For Immediate Release — June 13, 2006 | HQ
Frank X. O'Gara: DoDEA Educational Communications Officer | (703) 588-3260
ARLINGTON, VIRGINIA — June 13, 2006 — Over the past school year, the Department of Defense Education Activity (DoDEA) implemented a new student information system, Student Management Solutions or SMS. DoDEA transitioned from the previous software program, WinSchool, to SMS under a modification to the contract for the school year 2005/2006.
WinSchool and SMS are products developed Chancery Software, Ltd. www.chancery.com. SMS is a web-based solution, developed on a platform that was built to support future school district needs and growth.
The fielding of SMS in school year 2005/2006 was met with technical, scheduling and cost difficulties. There have been complaints from parents, as well as DoDEA employees in the field, stemming from these difficulties. "It's no secret that we have not been fully successful, said Dr. Joseph Tafoya, DoDEA Director. "We have heard complaints from just about every segment of the agency and our key partners."
Schools faced a number of setbacks and problems from the implementation. "Although a team of hardworking and competent staff aggressively worked with the program developers and contractors to remedy problems and to improve the system, the success ratio we have achieved in some critical areas is not what we had hoped nor is it acceptable" according to Dr. Tafoya.
DoDEA is not alone. School systems across the country are struggling with school information systems that can meet the unique needs found in every district or system. (See NY Times, May 15, 2006, States Struggle to Computerize School Records, by Sam Dillon)
In April 2006, in response to a Hotline request, the DoDEA Director commissioned an independent fact-finding report to review the way in which SMS was procured and to highlight areas of concern with respect to planning and decision making surrounding the system. "After studying these developments I have concluded that we did not have the right game plan when we started this transition", remarked Tafoya.
The fact finder conducted interviews with key DoDEA officials involved with SMS planning, procurement and implementation and reviewed relevant information. There was no evidence suggesting the presence of willful misconduct or intent to engage in fraud, waste or abuse during the procurement and execution of the SMS acquisition.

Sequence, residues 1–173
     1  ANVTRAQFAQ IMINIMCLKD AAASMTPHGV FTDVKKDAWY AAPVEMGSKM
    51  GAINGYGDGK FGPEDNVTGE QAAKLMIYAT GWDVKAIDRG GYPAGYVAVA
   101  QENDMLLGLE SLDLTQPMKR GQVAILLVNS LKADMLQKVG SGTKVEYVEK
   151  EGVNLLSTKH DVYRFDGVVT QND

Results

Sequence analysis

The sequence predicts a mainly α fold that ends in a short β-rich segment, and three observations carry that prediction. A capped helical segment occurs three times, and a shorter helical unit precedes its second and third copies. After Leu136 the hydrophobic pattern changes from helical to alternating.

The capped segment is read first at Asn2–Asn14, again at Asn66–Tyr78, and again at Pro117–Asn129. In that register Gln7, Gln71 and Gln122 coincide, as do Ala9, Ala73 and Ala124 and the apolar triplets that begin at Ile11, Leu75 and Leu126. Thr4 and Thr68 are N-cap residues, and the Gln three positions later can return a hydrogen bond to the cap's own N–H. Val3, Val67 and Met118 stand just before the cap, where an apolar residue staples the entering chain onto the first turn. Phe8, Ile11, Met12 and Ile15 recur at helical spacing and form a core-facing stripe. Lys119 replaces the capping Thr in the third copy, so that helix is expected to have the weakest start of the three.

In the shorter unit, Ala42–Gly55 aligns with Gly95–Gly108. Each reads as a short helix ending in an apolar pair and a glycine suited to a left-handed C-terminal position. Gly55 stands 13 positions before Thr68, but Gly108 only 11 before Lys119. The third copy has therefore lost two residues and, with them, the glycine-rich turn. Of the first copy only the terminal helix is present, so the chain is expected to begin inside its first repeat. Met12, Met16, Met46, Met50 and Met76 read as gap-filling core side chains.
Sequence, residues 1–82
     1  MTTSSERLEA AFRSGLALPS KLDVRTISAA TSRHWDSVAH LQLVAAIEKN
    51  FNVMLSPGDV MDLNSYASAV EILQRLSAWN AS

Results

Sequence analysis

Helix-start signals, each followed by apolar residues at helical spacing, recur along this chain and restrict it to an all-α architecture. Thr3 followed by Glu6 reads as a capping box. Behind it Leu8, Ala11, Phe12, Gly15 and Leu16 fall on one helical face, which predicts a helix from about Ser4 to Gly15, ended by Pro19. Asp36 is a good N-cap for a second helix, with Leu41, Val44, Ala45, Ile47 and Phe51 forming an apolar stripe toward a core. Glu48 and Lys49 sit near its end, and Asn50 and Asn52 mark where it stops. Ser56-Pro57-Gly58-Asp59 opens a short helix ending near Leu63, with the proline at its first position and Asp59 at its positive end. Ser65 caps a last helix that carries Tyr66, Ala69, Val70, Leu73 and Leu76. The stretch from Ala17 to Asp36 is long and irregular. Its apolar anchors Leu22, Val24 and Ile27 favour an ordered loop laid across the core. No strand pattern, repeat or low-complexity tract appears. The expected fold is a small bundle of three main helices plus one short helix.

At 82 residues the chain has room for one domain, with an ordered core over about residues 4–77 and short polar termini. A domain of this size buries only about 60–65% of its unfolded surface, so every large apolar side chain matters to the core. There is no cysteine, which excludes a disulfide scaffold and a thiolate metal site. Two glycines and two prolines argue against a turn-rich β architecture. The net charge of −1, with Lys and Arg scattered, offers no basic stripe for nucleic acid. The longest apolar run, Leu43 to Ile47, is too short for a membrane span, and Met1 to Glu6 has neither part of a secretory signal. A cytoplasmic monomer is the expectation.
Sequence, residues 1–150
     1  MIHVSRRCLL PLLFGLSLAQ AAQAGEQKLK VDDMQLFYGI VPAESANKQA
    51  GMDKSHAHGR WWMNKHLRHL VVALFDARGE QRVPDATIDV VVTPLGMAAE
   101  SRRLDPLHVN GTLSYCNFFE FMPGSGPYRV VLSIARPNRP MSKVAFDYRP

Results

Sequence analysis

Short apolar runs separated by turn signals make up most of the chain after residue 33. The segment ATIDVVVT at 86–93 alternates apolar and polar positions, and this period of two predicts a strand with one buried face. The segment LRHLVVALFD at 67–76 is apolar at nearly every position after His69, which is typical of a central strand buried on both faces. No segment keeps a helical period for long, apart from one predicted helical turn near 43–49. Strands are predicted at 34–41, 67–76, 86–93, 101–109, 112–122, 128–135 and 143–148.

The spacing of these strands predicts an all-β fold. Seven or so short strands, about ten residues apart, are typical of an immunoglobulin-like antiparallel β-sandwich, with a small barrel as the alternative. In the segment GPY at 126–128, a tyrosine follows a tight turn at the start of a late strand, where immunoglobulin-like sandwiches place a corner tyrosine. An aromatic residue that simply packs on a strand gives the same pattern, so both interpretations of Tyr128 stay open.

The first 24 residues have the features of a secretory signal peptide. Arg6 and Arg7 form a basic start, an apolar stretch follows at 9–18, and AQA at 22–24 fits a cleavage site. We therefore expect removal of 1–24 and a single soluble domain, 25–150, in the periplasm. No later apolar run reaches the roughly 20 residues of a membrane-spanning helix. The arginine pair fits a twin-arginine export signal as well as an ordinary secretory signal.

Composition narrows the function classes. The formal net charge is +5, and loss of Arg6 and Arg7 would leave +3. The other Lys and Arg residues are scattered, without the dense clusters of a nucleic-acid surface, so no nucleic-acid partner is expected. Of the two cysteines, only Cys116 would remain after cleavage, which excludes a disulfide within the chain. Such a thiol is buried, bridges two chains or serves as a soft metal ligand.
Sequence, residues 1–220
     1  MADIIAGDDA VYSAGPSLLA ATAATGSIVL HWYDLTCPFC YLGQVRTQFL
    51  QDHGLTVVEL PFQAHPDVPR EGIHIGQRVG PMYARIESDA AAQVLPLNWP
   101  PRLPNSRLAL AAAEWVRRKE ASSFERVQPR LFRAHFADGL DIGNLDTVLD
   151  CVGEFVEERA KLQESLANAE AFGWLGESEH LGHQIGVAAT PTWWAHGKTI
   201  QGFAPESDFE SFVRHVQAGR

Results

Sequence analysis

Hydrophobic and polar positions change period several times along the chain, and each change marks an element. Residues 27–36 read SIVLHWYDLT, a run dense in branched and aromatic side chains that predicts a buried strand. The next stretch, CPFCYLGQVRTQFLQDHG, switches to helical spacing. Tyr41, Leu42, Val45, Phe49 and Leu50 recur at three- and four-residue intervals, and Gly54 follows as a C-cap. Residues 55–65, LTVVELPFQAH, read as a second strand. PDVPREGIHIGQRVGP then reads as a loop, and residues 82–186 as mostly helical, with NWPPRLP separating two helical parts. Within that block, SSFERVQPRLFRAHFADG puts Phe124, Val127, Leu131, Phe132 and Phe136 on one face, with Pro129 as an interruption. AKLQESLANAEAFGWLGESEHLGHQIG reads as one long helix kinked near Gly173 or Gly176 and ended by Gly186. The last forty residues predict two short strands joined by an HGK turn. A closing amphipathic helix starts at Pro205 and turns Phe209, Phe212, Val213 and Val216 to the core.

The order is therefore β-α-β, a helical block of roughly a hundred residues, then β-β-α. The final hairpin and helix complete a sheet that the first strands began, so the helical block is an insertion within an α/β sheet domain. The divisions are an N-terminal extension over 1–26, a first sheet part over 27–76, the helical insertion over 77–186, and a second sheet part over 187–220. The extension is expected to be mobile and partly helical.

There were, however, areas of concern with respect to planning and decision making within the DoDEA system's acquisition process. These concerns were:
- No evidence of a comprehensive risk analysis to support the decision to fully implement SMS;
- No comprehensive acquisition strategy to include detailed post award and execution planning;
- Poor definition of the contract requirements were made in the Statement of Work;
- Problem with mixing the roles of the Functional and Program managers; and
- Predisposition to regard SMS as an upgrade from Win School rather than a new program that needed to be field tested.
According to Dr Tafoya, it is critical is to construct a framework for DoDEA senior management to develop a strategy and action plan for future internal decisions on student information. Due to an inadequate work statement, the contractor was only required to deliver the system and provide the licensing, which they did. The fact finder concluded that the contractor is in compliance with the current contract.
As a result of the report and the continuing challenges, Dr. Tafoya has convened a management task force under the direction of the DoDEA Chief of Staff to find appropriate solutions to the student information management system. "The fundamental question for us," said Tafoya, "is what do we need an information system to do for us? Then we need to conduct market analysis".
The bottom line for the next school year is that we will have to continue SMS. The current contract has been extended and officials are in the process of rewriting a new contract with performance requirements. Officials are mobilizing resources needed for a systemic solution to bring unified and consistent procedures and processes that make the system work effectively. "It is our responsibility as a school system to be absolutely accurate in tracking and reporting of student information and student progress. We owe that to our employees, students, and their parents," said Tafoya.
Officials concede that reaching a solution will not be an easy task. According to Dr. Tafoya, "There is no quick fix. We have learned that we cannot change an entire school information system overnight as we tried to do with SMS. To protect the data that we have on current students, it will take time to find solutions. There will be continuing inconveniences. But as quickly as possible, we'll deliver a system for our employees, students, and parents that can do the job."
Tafoya expressed appreciation for the hard work and long hours of the staff who aggressively worked SMS problems in the field and at headquarters. "We are going to add some horse power to their efforts to remedy problems and to improve the system once and for all. We deeply regret that the implementation has not gone as planned," said Tafoya.